I've certainly had my share of depression - both before I started having chronic pain and afterwards - and I know how debilitating it can be. In fact, in my mind it's a toss-up as to whether the depression or the pain makes it harder to get things done. But as for antidepressants . . . I don't want to go down that road again unless I absolutely have to.

But one thing was clear to me after my rage-inspired research. Managing my mood is as important - or possibly more important - than addressing my physical pain. Furthermore, it occurred to me that I know how to manage my depression without medication quite well, thank you! Nothing helps me quite like exercise. Rigorous, daily exercise.

Admittedly, exercise is one of the first things, along with vitamin consumption, to fall away when I'm not feeling well. When you're depressed and hurting, getting up and moving around seems like torture. The worst idea in the world! But I can't deny that it does help me.

After I came out of my despair-followed-by-pissed-off funk, I recommitted myself to daily exercise. I'm doing a three-point program of physical therapy exercises, abdominal strengthening to support my back, and a long, aerobic workout (or PAW, if you're into acronyms and mnemonics). And I've already noticed a huge difference - certainly in my mood, but also my pain level. Things still hurt, but not nearly as much they did just a week or two ago.

It feels like night turned to day inside my body. (Bonus: I'm getting my waist back!)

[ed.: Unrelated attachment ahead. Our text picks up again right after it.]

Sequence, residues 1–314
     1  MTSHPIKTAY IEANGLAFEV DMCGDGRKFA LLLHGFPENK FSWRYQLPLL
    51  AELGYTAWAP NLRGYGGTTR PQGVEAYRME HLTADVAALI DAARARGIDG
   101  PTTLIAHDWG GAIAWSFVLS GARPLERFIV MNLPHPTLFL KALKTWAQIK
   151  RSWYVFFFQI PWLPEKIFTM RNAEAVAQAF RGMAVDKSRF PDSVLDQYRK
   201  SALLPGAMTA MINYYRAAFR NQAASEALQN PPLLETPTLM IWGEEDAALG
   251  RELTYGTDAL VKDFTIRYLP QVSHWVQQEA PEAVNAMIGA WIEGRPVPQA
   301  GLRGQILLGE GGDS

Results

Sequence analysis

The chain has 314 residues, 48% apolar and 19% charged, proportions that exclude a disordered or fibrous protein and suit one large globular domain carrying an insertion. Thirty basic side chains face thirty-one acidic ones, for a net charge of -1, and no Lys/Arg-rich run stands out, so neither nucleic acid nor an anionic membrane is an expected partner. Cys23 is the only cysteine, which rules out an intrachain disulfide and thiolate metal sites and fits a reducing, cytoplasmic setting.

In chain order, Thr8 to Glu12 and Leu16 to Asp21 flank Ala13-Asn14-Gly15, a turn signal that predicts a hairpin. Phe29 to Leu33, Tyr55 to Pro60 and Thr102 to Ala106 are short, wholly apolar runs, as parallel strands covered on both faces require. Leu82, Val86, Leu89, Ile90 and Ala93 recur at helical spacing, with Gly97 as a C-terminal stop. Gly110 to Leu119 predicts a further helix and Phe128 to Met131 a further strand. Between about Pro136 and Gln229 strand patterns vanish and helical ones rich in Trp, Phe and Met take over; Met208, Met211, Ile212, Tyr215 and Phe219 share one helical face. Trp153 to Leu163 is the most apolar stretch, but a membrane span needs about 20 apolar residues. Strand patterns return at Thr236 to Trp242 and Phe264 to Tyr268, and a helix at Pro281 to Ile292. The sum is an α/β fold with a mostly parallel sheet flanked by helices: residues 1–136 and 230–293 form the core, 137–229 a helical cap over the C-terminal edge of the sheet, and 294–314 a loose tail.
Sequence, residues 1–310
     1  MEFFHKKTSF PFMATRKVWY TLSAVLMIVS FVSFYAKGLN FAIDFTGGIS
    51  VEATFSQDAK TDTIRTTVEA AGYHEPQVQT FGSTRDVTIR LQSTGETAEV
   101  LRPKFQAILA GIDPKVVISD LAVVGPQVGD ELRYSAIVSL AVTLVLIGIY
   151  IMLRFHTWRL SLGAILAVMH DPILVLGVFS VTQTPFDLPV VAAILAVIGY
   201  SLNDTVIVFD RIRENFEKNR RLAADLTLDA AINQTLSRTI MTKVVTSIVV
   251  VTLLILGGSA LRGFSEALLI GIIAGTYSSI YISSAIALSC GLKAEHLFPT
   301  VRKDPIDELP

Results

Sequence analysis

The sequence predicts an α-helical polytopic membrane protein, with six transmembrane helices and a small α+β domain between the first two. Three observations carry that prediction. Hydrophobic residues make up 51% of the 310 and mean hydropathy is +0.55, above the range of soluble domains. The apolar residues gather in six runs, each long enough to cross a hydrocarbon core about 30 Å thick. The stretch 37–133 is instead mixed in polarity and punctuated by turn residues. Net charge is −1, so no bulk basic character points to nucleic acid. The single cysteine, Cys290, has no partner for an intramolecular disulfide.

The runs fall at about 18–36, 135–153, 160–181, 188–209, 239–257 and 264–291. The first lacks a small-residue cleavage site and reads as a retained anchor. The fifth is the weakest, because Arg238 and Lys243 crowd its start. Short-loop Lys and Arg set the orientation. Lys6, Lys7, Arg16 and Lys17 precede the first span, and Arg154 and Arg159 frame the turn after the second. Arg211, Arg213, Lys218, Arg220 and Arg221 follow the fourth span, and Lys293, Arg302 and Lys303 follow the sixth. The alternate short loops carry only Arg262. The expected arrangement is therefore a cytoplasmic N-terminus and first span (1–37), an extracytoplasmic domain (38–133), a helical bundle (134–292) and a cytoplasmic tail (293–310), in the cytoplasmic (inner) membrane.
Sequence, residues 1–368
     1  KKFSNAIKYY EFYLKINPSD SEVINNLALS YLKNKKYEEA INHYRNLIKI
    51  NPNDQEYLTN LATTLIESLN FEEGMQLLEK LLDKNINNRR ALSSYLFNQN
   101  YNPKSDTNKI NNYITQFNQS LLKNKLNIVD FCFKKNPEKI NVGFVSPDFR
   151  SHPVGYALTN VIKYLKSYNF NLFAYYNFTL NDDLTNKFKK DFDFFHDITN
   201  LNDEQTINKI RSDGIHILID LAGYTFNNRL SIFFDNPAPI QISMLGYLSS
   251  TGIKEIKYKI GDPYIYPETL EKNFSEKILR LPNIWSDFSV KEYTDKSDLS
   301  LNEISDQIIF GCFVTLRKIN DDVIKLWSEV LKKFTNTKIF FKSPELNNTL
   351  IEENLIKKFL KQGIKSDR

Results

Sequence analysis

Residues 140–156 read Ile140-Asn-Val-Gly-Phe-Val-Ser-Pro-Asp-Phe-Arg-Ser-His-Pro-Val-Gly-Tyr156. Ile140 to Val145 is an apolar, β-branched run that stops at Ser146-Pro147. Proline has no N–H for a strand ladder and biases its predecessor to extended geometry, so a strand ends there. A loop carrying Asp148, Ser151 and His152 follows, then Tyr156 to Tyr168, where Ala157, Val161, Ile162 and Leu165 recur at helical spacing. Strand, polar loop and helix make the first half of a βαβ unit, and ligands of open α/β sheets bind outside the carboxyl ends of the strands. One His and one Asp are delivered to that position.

* * *
I'm still going to work with my doctor and my physical therapist, take my supplements, and eat an anti-inflammatory diet as much as possible. I'm looking into chiropractic treatments and Maya abdominal massage. Also, I'm certainly not suggesting that exercise-instead-of-antidepressants is the way to go for everyone! It's just what works for me. A workout is my pill.

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Friday, April 8, 2011

Knit One Together

Baby Hat

I was looking for a particular circular knitting needle in my box of needles and stitch holders and stitch markers. It wasn't there. I found it in my box of projects-in-progress, with about an inch and a half of forgotten yellow baby hat hanging from it.

I debated over what to do. It was just an inch and a half of work, not representing much time at all. I could easily unravel the little hat brim, roll the mustard colored yarn back into its ball. Forget that I had ever started knitting this particular baby hat. (After all, I'd forgotten about it once already.) On the other hand, I've completed a surprisingly small number of projects in my five years as a knitter. Baby hats knit up quickly. I could just finish it.

While I was still trying to decide what to do, I found myself picking up the needles, winding the yarn around my right hand. I could always stop, I decided, if finishing the hat didn't seem right.

I cannot knit without thinking of my great-grandmother. Most of my knitting supplies used to be hers. I wish she were here to teach me to knit, so I could move beyond scarves and baby hats.